Temple's Western Wall to be built in Berlin*
25.07.2007 Source: AP ©
Jewish community will spend EUR6-million (US$8.2 million) to build a
replica of Jerusalem's Western Wall in Berlin -accurate down to the
plants sprouting from it, the center's leaders said.
The 100-square-meter replica will be part of Szloma Albam House, whose
opening Sept. 2 will provide another sign of the growth and vitality of
Berlin's 12,000-member Jewish community.
"This is a symbolic part of making Berlin a central hub of Jewish life
again," the center's executive director, Rabbi Yehuda Teichtal told the
Associated Press on Wednesday.
The project began when a team from the Chabad-Lubavitch organization
traveled to Jerusalem to photograph a section of the Western Wall,
Judaism's holiest site, famous for the tradition of inserting tiny
prayers on paper into its many cracks.
Almost 19 tons of "Jerusalem Gold" sandstone quarried in the region
arrived in Berlin on July 11, and has since been chiseled and installed
to match the photographs. The complete replica, located in the center's
entryway, will also include identical plants sprouting from the cracks.
The Western Wall replica is not meant to be used for worship, but as a
symbol and reminder of the center's mission.
Teichtal told the AP that the center's architecture directly reflects
center's philosophy. A large cobalt and light blue glass window greets
visitors as a symbol of transparency. The sleek, contemporary design by
Russian architect Sergei Tchoban, shows that Szloma Albam House is
focused on the future.
"Within the transparency is tradition, and that's why we're building the
wall," he told The Associated Press. "It's the strongest symbol of the
survival of the Jewish people."
Rabbi Chaim Rozwaski, an orthodox rabbi from New York who serves at
Berlin's Pestalozzistrasse Synagogue, said the replica has "no more
meaning than a picture."
"But the wall itself has a tremendous attraction and obviously a
deep-felt meaning for many people, so it's still nice to have a replica."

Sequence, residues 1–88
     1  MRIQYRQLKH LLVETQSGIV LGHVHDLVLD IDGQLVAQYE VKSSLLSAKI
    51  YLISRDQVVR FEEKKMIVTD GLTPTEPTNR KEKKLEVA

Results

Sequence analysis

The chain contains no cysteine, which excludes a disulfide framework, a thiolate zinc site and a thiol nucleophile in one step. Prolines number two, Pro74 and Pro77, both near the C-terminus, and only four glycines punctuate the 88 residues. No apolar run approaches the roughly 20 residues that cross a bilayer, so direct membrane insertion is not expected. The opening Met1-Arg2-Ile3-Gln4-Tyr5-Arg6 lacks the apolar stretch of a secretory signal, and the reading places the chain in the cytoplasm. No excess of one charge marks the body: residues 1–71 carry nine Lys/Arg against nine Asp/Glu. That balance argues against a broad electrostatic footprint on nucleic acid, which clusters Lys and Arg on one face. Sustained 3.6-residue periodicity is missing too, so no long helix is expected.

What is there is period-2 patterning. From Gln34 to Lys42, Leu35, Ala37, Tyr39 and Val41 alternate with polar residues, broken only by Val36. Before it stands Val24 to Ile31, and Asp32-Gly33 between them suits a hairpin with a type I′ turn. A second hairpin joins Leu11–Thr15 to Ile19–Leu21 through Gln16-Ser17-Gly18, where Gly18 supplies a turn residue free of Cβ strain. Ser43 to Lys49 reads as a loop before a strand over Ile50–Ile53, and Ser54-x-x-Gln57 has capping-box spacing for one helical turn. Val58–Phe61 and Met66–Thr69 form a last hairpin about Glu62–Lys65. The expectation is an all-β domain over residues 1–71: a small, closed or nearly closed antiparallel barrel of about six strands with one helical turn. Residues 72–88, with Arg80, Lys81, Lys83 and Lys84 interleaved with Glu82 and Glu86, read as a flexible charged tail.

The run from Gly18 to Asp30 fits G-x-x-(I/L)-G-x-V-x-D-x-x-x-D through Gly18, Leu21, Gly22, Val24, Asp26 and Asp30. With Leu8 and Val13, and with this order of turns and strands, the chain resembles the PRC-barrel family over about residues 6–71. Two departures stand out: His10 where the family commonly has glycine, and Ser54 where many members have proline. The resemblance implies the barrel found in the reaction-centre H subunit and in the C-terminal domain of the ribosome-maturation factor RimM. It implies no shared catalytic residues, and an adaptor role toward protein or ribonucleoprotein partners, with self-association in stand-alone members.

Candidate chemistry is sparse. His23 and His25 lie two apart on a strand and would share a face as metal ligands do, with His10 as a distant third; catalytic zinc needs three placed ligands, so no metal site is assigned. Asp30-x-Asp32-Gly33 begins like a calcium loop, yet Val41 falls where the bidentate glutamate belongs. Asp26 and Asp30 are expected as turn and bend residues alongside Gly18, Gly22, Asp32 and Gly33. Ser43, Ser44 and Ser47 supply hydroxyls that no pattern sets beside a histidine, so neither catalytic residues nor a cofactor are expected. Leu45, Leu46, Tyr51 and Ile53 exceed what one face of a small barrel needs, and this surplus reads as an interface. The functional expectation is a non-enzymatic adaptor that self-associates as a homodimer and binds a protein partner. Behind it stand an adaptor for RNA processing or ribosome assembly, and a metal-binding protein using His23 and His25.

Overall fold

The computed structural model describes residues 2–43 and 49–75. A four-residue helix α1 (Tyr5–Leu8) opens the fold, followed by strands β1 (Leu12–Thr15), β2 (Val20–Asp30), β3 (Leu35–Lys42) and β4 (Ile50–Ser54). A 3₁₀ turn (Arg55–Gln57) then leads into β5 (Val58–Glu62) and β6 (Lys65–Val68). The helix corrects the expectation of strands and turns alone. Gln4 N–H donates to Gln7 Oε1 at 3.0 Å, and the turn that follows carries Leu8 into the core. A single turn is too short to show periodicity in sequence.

The Szloma Albam House, located on Muenstersche Strasse in Berlin's
Charlottenburg neighborhood, has been under construction for three
years. Though opening officially on Sept. 2, its synagogue is already
open for worship and classes are being held amid construction noise.
More than 30 rabbis from around the world and high-ranking German
officials will attend.
Teichtal, a Brooklyn, N.Y., native whose grandfather's family was killed
in the Holocaust, stresses that the center is meant for everyone,
including non-Jews. Along with a synagogue, Szloma Albam House will have
a kosher restaurant, a tourist welcome center, library and media center,
conference center, seminary, youth lounge, shop, and a top-of-the-line
mikvah, or ritual bath.
Ninety percent of the center's funding was raised within Berlin's Jewish
community. "This is a sign that people are putting their trust in the
Jewish future of Germany," Teichtal said.
The Jewish community in Germany is the fastest growing in the world,
according to the World Jewish Congress, fed by immigrants from the
former Soviet Union. The Central Council of Jews in Germany says the
Jewish community has some 110,000 registered members. Some 560,000 Jews
lived in Germany before the Holocaust.
Berlin, with 12,000 Jews and eight synagogues, has the largest Jewish
community in Germany.
One of the Szloma Albam House's primary functions, Teichtal says, is to
help these Jewish immigrants integrate into German society. All services
and classes will be taught in German.